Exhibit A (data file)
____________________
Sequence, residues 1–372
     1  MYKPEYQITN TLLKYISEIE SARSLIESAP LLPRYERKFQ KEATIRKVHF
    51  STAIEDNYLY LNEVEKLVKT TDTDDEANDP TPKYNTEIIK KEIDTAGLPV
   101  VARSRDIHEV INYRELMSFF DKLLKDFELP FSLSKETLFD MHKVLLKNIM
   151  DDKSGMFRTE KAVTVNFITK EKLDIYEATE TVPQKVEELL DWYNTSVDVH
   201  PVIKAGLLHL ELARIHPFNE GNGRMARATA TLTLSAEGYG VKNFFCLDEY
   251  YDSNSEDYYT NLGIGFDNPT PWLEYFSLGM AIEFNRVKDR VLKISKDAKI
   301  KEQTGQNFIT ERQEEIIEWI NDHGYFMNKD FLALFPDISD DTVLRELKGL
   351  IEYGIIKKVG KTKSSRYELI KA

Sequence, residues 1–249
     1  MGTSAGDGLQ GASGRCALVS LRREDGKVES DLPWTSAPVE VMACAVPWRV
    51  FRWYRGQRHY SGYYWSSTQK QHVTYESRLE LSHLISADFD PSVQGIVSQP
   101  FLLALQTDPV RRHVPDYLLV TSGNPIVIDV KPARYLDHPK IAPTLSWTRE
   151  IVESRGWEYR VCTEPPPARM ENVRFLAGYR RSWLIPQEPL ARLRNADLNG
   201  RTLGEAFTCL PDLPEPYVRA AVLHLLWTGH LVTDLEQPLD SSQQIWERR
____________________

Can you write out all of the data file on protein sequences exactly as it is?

Sequence, residues 1–372
     1  MYKPEYQITN TLLKYISEIE SARSLIESAP LLPRYERKFQ KEATIRKVHF
    51  STAIEDNYLY LNEVEKLVKT TDTDDEANDP TPKYNTEIIK KEIDTAGLPV
   101  VARSRDIHEV INYRELMSFF DKLLKDFELP FSLSKETLFD MHKVLLKNIM
   151  DDKSGMFRTE KAVTVNFITK EKLDIYEATE TVPQKVEELL DWYNTSVDVH
   201  PVIKAGLLHL ELARIHPFNE GNGRMARATA TLTLSAEGYG VKNFFCLDEY
   251  YDSNSEDYYT NLGIGFDNPT PWLEYFSLGM AIEFNRVKDR VLKISKDAKI
   301  KEQTGQNFIT ERQEEIIEWI NDHGYFMNKD FLALFPDISD DTVLRELKGL
   351  IEYGIIKKVG KTKSSRYELI KA

Sequence, residues 1–249
     1  MGTSAGDGLQ GASGRCALVS LRREDGKVES DLPWTSAPVE VMACAVPWRV
    51  FRWYRGQRHY SGYYWSSTQK QHVTYESRLE LSHLISADFD PSVQGIVSQP
   101  FLLALQTDPV RRHVPDYLLV TSGNPIVIDV KPARYLDHPK IAPTLSWTRE
   151  IVESRGWEYR VCTEPPPARM ENVRFLAGYR RSWLIPQEPL ARLRNADLNG
   201  RTLGEAFTCL PDLPEPYVRA AVLHLLWTGH LVTDLEQPLD SSQQIWERR